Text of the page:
Anti-government protesters erected a barricade on Hong Kong's No. 2 Hong Kong University Bridge in Hong Kong, China, on November 13, 2019.
Anthony Kwan | Getty Images News | Getty Images
Protesters against the government paralyzed parts of Hong Kong on Thursday for a fourth day, forced school closures and blocked highways and other communications to disrupt the financial hub amid a marked escalation of violence.
Protesters have set fire to vehicles and buildings, gasoline bombs at police stations and trains and destroyed world-class shopping malls last week in some of the worst acts of violence that have been raging for more than five months.
Black-clad demonstrators and university students kept their blockades on major roads, including the entrance to the Cross Harbor Tunnel that connects the island of Hong Kong to the Kowloon area, and a main artery between Kowloon and the rural New Territories.
Police fired tear gas near the tunnel early Thursday to try to free the demonstrators.
Thousands of students barricaded several campus temporary campus campuses and blocked the entrances and occu rummaging on nearby streets, preparing supplies of food, bricks, gasoline bombs, and other makeshift weapons while engaging in potential clashes the police squatted.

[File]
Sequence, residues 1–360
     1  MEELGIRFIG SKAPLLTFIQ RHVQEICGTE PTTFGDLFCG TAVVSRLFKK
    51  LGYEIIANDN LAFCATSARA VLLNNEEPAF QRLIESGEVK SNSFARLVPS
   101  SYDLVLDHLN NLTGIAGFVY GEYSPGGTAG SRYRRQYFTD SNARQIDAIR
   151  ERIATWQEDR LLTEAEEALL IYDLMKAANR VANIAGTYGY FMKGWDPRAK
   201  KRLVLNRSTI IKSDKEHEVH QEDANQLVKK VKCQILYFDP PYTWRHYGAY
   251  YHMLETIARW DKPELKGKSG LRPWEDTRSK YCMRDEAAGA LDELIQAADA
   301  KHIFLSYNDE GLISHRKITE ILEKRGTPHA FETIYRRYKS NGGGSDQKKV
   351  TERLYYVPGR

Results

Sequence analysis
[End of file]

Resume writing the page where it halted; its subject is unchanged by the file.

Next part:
Commuters stopped at subway stations throughout the city after some railway lines were closed and roads closed. Some citizens dressed in office clothes called the riot police stationed on platforms.
Protesters are angry over what they view as Beijing's police brutality and interference in the freedoms guaranteed by the formula "One Land, Two Systems"
China denies having intervened and accused Western countries, including Britain and the United States to have troubled problems.
Police announced Wednesday that there had been violence on Chinese territory reached a "very dangerous and even lethal level".
Authorities said Thursday 64 people were injured in the clashes on Wednesday, leaving two men in critical condition. There was no further detail on the injuries they had suffered.
The police reported in a statement that a man had died after falling from unknown heights on Wednesday without giving any further details.
A Woman, a 24-Year-Old Worker In the traffic jam called Kristy, she said, "The government and police have escalated the violence."
"If the government wants the violence to stop, they have to listen to our demands," she said.
Hong Kong's embattled head of government, Carrie Lam, met high-ranking officials late Wednesday, media outlets speculated on new emergency measures to tackle the crisis.
The city's Education Bureau announced that on Thursday all schools should be closed for safety reasons, a decision that is usually only taken in severe typhoons or natural disasters.
Several universities also announced that as of Thursday for the rest of the year there would be no campus courses, meaning that they would rely on online learning and other assessment methods for the remaining weeks of the semester.
Several large shopping malls also announced that they would close on Thursday due to security concerns as demonstrators planned further demonstrations throughout the day.
Lam said that the demonstrators paralyzed this week The city was "selfish" and was now the enemy of the people.